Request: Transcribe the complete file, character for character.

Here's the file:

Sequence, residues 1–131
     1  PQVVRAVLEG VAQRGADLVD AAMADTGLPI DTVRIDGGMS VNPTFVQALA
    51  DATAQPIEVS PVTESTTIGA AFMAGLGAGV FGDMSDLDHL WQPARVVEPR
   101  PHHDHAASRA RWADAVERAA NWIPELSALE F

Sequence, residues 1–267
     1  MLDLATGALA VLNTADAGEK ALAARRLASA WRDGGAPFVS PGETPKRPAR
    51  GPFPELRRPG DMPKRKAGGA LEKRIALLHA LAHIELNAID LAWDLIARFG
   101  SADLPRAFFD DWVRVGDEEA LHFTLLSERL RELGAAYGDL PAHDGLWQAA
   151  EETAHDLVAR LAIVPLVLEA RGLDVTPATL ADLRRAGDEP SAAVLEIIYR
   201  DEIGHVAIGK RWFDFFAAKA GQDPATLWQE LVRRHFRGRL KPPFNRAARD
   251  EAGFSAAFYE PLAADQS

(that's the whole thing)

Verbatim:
Sequence, residues 1–131
     1  PQVVRAVLEG VAQRGADLVD AAMADTGLPI DTVRIDGGMS VNPTFVQALA
    51  DATAQPIEVS PVTESTTIGA AFMAGLGAGV FGDMSDLDHL WQPARVVEPR
   101  PHHDHAASRA RWADAVERAA NWIPELSALE F

Sequence, residues 1–267
     1  MLDLATGALA VLNTADAGEK ALAARRLASA WRDGGAPFVS PGETPKRPAR
    51  GPFPELRRPG DMPKRKAGGA LEKRIALLHA LAHIELNAID LAWDLIARFG
   101  SADLPRAFFD DWVRVGDEEA LHFTLLSERL RELGAAYGDL PAHDGLWQAA
   151  EETAHDLVAR LAIVPLVLEA RGLDVTPATL ADLRRAGDEP SAAVLEIIYR
   201  DEIGHVAIGK RWFDFFAAKA GQDPATLWQE LVRRHFRGRL KPPFNRAARD
   251  EAGFSAAFYE PLAADQS